| Matt Levine |
Pulse plays at the Trylon Cinema from Friday, January 6 through Sunday, January 8. Visit trylon.org for tickets and more information.
If two dots get too close, they die, but if they get too far
apart, they’re drawn closer. It’s a miniature model of our
world. I wouldn’t suggest staring at it too long.
Harue Karasawa (Koyuki), discussing a computer program in Pulse
We become what we behold. We shape our tools and then
our tools shape us.
Father John Culkin, SJ1
The turn of the millennium occasioned many films that lamented and/or celebrated the digitization of the world as we knew it. The Matrix and its sequels envisioned all of humanity living in a virtual reality while machines sucked out our lifeblood, turning us into nothing more than consumable energy sources. eXistenZ (1999) offered a Cronenbergian spin on the distortive nature of virtual reality and its ability to erase the boundaries between real and imaginary. The Net and Hackers (both 1995) showed how fragile security and privacy are when you live your life online. Films like Enemy of the State (1998), A.I. Artificial Intelligence (2001), and Minority Report (2002) offered warped depictions of digital technology overriding all aspects of society, from law and order to the nuclear family. Sometimes, the aesthetic itself was digital, with movies like Timecode (2000) and All About Lily Chou-Chou (2001) presented in proudly pixilated formats. In short, Y2K-era cinema was obsessed with digital ubiquity, prophesying how our lives, minds, and bodies might change as we become increasingly “logged on.”
Among this group of films stands Kiyoshi Kurosawa’s Pulse, which has the distinction of being one of the scariest and most philosophical horror movies of all time. Bearing Kurosawa’s elegant but intensely creepy slow-burn style, which brought pervasive dread and unease to films such as Cure (1997) and Séance (2001), Pulse is a ghost story in which the phantoms of loneliness and alienation are (almost) as terrifying as the literal specters that appear onscreen.
Anyone who tried to log onto the internet in the 1990s will recognize the first sound that we hear in Pulse: a dial-up modem from the days of AOL, screeching as it tries to connect to cosmic satellites. But this sound jarringly cuts to an image in which digital technologies seem conspicuously absent: a cargo ship in the middle of the ocean, surrounded by an endless expanse of water. Only gradually will we learn the apocalyptic context of this image, as the film soon flashes back to its dual storylines.
One of these storylines begins with a young man named Taguchi (Kenji Mizuhashi) trying to restore a computer disk for the plant shop at which he works. Taguchi’s apartment, like many of the interior spaces in the film, is cramped, dark, and foreboding. Kurosawa brilliantly instills a sinister presence through visual form, first of all through disorienting POV shots that make us unsure if the images are from a detached, omnipotent perspective or if we’re seeing through the eyes of…something. The very first image in this flashback is an unnerving example: we witness the empty apartment, half of the screen obscured by a plastic sheet, through a brown-gold haze as the image glitches and distorts every few seconds, accompanied by a digital screech similar to the modem sound at the beginning. As soon as we enter Taguchi’s apartment, the film suggests that we’re sharing a perspective with a disembodied, digital presence, observing everything with eerie detachment.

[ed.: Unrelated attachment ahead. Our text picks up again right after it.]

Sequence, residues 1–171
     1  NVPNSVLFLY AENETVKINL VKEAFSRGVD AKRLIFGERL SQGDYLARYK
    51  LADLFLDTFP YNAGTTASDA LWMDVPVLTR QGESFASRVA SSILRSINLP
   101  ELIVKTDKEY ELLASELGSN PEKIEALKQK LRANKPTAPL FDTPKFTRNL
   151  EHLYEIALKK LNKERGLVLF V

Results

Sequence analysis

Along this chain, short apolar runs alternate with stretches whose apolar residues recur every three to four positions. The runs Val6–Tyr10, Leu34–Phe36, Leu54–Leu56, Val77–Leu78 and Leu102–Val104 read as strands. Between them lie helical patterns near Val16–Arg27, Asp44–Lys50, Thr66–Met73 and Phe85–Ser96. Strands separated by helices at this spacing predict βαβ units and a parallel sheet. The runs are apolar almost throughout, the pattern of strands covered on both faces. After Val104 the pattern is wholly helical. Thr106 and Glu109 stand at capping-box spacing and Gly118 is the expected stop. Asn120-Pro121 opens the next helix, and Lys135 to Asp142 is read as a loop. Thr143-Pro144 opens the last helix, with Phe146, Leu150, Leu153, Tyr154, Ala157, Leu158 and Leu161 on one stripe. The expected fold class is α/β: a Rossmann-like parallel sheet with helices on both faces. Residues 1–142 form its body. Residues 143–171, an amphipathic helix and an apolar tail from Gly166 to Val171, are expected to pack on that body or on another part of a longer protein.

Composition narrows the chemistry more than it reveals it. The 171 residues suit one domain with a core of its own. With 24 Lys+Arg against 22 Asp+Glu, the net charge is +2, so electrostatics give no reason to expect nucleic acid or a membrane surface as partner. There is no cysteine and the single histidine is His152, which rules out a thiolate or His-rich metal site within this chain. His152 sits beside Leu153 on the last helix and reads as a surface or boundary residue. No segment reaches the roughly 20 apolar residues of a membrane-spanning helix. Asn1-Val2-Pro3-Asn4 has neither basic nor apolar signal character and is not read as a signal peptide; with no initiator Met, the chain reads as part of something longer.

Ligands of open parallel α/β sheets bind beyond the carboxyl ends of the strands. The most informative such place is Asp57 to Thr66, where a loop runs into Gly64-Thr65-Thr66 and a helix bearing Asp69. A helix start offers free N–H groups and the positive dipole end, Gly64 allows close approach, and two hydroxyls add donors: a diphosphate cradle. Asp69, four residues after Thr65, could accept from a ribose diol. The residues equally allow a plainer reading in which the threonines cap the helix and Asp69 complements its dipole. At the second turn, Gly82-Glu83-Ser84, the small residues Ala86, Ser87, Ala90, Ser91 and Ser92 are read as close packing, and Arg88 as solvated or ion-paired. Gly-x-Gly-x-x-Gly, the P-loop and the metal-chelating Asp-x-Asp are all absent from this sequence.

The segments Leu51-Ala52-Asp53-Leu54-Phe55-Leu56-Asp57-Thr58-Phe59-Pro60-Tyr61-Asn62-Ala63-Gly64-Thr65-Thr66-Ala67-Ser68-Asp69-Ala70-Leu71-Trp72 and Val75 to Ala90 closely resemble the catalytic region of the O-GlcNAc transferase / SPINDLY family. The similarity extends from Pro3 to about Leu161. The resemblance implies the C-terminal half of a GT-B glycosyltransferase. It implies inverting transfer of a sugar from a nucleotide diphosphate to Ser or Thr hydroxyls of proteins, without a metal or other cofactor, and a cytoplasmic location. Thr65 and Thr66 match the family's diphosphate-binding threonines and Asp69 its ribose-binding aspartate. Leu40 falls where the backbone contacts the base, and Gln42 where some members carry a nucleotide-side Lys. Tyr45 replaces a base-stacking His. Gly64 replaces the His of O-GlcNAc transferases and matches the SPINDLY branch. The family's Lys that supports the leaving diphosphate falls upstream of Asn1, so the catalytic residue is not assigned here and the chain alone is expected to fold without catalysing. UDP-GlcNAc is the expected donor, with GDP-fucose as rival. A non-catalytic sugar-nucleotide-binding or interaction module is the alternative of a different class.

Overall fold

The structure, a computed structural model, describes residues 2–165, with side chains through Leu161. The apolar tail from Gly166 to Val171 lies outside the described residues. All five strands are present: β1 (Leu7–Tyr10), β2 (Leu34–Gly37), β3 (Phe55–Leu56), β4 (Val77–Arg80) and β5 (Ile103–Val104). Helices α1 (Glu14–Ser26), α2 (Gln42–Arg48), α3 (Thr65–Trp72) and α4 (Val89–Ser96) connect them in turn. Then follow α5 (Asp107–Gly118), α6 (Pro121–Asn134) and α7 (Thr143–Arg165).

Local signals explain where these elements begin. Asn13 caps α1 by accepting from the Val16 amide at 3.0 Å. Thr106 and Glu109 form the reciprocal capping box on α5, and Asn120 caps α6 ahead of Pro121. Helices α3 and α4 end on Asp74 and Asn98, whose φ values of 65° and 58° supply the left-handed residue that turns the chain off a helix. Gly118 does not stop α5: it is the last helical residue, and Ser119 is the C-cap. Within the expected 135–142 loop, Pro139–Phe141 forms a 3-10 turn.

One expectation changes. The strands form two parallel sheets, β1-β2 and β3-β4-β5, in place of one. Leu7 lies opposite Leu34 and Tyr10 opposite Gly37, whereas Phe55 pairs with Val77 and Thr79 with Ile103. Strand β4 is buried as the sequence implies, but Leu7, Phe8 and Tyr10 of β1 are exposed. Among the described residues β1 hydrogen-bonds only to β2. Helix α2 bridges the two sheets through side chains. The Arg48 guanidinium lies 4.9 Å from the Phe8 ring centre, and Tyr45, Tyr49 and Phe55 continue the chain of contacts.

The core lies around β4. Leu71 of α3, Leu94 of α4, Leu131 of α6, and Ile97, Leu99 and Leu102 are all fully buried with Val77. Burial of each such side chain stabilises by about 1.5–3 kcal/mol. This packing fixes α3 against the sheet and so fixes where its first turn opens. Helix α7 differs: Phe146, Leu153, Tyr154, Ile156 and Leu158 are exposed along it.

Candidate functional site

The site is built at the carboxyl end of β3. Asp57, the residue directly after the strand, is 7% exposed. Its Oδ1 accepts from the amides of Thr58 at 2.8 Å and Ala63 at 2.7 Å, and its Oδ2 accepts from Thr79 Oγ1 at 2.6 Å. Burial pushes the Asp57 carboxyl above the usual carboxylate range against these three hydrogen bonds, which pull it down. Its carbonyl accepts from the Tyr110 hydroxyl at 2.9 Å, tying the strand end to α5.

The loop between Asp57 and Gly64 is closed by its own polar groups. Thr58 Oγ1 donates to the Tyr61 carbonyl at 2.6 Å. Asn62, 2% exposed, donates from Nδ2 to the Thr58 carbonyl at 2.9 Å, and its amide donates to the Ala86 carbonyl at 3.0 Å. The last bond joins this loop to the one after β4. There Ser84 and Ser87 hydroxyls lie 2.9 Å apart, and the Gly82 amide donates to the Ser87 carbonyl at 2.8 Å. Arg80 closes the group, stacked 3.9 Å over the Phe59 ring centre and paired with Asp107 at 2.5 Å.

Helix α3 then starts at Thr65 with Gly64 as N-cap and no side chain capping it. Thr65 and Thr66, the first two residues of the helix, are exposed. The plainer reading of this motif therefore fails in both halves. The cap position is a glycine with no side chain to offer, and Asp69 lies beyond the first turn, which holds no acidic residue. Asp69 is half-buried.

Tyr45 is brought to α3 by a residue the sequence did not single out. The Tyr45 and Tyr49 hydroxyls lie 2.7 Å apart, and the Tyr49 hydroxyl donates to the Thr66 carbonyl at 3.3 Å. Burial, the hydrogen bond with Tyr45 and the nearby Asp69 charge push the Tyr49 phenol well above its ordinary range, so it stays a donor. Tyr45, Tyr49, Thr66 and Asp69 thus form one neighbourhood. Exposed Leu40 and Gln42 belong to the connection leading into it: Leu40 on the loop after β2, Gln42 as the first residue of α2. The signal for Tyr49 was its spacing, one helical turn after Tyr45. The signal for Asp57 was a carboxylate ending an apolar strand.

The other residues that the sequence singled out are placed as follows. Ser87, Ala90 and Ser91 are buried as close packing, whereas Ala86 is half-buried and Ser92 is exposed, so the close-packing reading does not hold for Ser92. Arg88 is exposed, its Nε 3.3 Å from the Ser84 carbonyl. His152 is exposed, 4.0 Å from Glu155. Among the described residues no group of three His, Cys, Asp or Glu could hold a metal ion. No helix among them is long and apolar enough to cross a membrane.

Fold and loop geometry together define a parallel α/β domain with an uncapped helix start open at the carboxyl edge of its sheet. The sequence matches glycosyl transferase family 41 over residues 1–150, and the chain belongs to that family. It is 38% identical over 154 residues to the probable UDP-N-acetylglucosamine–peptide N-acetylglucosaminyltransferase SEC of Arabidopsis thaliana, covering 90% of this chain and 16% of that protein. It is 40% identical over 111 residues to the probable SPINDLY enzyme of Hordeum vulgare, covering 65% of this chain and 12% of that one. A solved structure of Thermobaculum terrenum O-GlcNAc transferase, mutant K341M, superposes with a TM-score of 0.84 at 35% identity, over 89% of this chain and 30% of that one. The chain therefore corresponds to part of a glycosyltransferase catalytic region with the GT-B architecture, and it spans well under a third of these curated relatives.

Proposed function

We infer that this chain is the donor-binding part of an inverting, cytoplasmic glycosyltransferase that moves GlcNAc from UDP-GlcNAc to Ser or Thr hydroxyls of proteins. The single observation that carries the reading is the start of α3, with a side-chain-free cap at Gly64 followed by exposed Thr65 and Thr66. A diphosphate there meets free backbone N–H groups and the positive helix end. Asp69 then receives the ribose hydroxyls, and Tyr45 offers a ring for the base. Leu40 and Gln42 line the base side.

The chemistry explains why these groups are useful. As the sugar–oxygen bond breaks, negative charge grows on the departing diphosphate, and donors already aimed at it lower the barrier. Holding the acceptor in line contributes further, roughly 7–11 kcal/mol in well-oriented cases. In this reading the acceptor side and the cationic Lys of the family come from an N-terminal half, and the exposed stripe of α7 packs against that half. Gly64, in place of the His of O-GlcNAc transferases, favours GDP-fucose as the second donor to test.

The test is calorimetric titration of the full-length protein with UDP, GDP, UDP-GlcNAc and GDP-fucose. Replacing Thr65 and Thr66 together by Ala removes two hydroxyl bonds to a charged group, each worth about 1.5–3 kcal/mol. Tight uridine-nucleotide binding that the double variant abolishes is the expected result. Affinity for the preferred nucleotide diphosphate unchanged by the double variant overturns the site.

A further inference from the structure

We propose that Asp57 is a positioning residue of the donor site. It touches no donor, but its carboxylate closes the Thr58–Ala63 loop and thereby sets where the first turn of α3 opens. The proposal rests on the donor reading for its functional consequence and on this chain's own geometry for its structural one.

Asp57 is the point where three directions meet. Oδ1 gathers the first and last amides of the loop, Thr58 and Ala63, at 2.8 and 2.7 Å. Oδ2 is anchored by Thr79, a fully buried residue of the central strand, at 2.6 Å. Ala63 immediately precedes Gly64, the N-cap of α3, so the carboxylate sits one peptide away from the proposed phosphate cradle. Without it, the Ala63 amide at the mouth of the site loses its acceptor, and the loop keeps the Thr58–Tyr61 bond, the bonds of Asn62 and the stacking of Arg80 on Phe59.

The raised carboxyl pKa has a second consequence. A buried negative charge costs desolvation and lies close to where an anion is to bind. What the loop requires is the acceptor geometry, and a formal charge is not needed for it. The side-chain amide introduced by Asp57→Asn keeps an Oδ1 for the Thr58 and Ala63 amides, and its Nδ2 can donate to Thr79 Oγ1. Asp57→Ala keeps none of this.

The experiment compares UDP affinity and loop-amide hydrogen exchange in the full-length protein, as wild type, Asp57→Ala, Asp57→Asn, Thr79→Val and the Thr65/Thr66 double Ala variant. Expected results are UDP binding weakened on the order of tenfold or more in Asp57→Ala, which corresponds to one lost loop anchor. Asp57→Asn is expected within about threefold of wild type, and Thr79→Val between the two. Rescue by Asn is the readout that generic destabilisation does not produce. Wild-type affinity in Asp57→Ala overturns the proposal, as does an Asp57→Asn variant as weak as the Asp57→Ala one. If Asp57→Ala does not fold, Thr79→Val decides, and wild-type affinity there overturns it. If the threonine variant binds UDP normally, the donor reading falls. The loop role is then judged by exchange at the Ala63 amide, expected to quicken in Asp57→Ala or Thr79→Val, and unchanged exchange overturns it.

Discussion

Kurosawa also rattles the audience through subtly menacing camera movements, which we witness when one of Taguchi’s coworkers, Michi (Kumiko Asō), visits his apartment to check on him after he’s been missing for a week. Her journey to Taguchi’s apartment is conveyed through a jarring, blatantly unreal rear-projected image in which Michi is seen on a bus with passing scenery visible through the windows; the scenery is a different color scheme than the bus interior and the movements of the vehicle and the surroundings don’t match up. This tactic is used several times throughout the film, with vehicles and rear-projected images clearly belonging to separate spaces, illustrating a world that’s becoming increasingly unmoored from its physical places—a product, it seems, of the digital ether surrounding it.
Once Michi finally reaches Taguchi’s apartment, she examines his computer and workstation, finding the disk from the plant shop; the camera tracks away from her and pans to the left, revealing a narrow hallway again obscured by a plastic sheet. This camera movement, which abandons Michi for no discernible reason, sets us up to expect a sinister threat lurking in the shadows, but instead Michi occupies the frame once more, moving through it. This is one small example of how Kurosawa moves the camera not only to progress the narrative, but to establish a pervasively ominous tone, nudging the audience to see things that aren’t really there (or are they?).
This is a good time to reiterate: Pulse is absolutely terrifying, with Kurosawa brilliantly manipulating sound design, camera angle, and cutting to torment the audience. The horror here isn’t just jump scares and violence; it’s a lingering dread that burrows deep within, made all the more chilling by its inexplicability. Case in point: a scene in which Yabe, after searching for clues in Taguchi’s now-haunted apartment, enters a “Forbidden Room” sealed in red tape, encountering one of the most unshakeable ghosts you’ll see in all of cinema. (This moment, which I won’t ruin here, is proof that there’s nothing scarier than staring headlong into the face of evil, unable to turn away.)
While Michi, Yabe, and their coworkers try to figure out what happened to Taguchi, a parallel storyline ensues. A shy, awkward economics student named Ryosuke (Haruhiko Kato) logs onto the internet despite the fact that he hates computers, which is conveyed when he dubiously opens his browser’s instructional manual and mumbles aloud: “Welcome to the internet. Have fun.” Almost immediately, his computer misbehaves, treating Ryosuke to eerie images of people in separate rooms, recorded on grainy screencams: a man looking vaguely toward the screen; a woman rolling on the floor, her movements lagging; a man burying his head in his arms; a woman walking from right to left. Then, a popup message: “Would you like to meet a ghost?”